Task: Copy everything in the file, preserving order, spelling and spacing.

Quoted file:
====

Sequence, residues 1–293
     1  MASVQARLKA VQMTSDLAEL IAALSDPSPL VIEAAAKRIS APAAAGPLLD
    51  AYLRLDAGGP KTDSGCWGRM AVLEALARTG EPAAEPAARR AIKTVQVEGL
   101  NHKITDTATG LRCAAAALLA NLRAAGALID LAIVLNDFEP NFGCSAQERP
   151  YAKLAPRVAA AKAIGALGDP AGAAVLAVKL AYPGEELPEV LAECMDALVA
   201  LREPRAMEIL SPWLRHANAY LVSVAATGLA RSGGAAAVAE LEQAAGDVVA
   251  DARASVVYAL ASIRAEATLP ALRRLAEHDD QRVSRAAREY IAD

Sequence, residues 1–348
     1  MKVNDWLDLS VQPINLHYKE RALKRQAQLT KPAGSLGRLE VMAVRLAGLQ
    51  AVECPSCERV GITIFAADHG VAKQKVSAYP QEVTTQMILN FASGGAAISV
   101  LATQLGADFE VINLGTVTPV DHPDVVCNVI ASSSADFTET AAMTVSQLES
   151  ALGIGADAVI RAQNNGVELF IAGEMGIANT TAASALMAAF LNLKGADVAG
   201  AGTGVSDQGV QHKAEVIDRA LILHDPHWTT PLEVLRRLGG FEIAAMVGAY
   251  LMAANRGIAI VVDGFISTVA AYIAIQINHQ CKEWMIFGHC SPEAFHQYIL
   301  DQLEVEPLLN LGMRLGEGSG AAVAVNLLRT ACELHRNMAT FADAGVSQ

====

Sequence, residues 1–293
     1  MASVQARLKA VQMTSDLAEL IAALSDPSPL VIEAAAKRIS APAAAGPLLD
    51  AYLRLDAGGP KTDSGCWGRM AVLEALARTG EPAAEPAARR AIKTVQVEGL
   101  NHKITDTATG LRCAAAALLA NLRAAGALID LAIVLNDFEP NFGCSAQERP
   151  YAKLAPRVAA AKAIGALGDP AGAAVLAVKL AYPGEELPEV LAECMDALVA
   201  LREPRAMEIL SPWLRHANAY LVSVAATGLA RSGGAAAVAE LEQAAGDVVA
   251  DARASVVYAL ASIRAEATLP ALRRLAEHDD QRVSRAAREY IAD

Sequence, residues 1–348
     1  MKVNDWLDLS VQPINLHYKE RALKRQAQLT KPAGSLGRLE VMAVRLAGLQ
    51  AVECPSCERV GITIFAADHG VAKQKVSAYP QEVTTQMILN FASGGAAISV
   101  LATQLGADFE VINLGTVTPV DHPDVVCNVI ASSSADFTET AAMTVSQLES
   151  ALGIGADAVI RAQNNGVELF IAGEMGIANT TAASALMAAF LNLKGADVAG
   201  AGTGVSDQGV QHKAEVIDRA LILHDPHWTT PLEVLRRLGG FEIAAMVGAY
   251  LMAANRGIAI VVDGFISTVA AYIAIQINHQ CKEWMIFGHC SPEAFHQYIL
   301  DQLEVEPLLN LGMRLGEGSG AAVAVNLLRT ACELHRNMAT FADAGVSQ